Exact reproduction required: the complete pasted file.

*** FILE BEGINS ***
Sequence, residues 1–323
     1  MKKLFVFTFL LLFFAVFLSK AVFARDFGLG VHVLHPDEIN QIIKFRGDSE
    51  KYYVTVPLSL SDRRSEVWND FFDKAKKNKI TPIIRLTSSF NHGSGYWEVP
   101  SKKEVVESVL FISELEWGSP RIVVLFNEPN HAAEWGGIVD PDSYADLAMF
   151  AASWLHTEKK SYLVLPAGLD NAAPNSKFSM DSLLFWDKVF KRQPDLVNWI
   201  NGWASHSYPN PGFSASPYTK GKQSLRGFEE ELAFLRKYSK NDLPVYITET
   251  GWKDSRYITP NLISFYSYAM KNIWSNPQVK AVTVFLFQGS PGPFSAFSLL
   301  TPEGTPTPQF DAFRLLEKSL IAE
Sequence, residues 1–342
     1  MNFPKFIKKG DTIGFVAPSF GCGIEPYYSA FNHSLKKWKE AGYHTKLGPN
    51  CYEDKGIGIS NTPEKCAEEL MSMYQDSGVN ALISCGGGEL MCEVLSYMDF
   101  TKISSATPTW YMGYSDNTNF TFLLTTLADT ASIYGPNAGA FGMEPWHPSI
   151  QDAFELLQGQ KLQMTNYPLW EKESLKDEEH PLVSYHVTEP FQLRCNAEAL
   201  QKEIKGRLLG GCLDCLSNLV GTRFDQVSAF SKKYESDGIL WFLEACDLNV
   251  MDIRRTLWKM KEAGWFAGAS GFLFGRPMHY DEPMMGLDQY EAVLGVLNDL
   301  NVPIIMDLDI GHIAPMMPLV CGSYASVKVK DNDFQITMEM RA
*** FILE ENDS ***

Sequence, residues 1–323
     1  MKKLFVFTFL LLFFAVFLSK AVFARDFGLG VHVLHPDEIN QIIKFRGDSE
    51  KYYVTVPLSL SDRRSEVWND FFDKAKKNKI TPIIRLTSSF NHGSGYWEVP
   101  SKKEVVESVL FISELEWGSP RIVVLFNEPN HAAEWGGIVD PDSYADLAMF
   151  AASWLHTEKK SYLVLPAGLD NAAPNSKFSM DSLLFWDKVF KRQPDLVNWI
   201  NGWASHSYPN PGFSASPYTK GKQSLRGFEE ELAFLRKYSK NDLPVYITET
   251  GWKDSRYITP NLISFYSYAM KNIWSNPQVK AVTVFLFQGS PGPFSAFSLL
   301  TPEGTPTPQF DAFRLLEKSL IAE
Sequence, residues 1–342
     1  MNFPKFIKKG DTIGFVAPSF GCGIEPYYSA FNHSLKKWKE AGYHTKLGPN
    51  CYEDKGIGIS NTPEKCAEEL MSMYQDSGVN ALISCGGGEL MCEVLSYMDF
   101  TKISSATPTW YMGYSDNTNF TFLLTTLADT ASIYGPNAGA FGMEPWHPSI
   151  QDAFELLQGQ KLQMTNYPLW EKESLKDEEH PLVSYHVTEP FQLRCNAEAL
   201  QKEIKGRLLG GCLDCLSNLV GTRFDQVSAF SKKYESDGIL WFLEACDLNV
   251  MDIRRTLWKM KEAGWFAGAS GFLFGRPMHY DEPMMGLDQY EAVLGVLNDL
   301  NVPIIMDLDI GHIAPMMPLV CGSYASVKVK DNDFQITMEM RA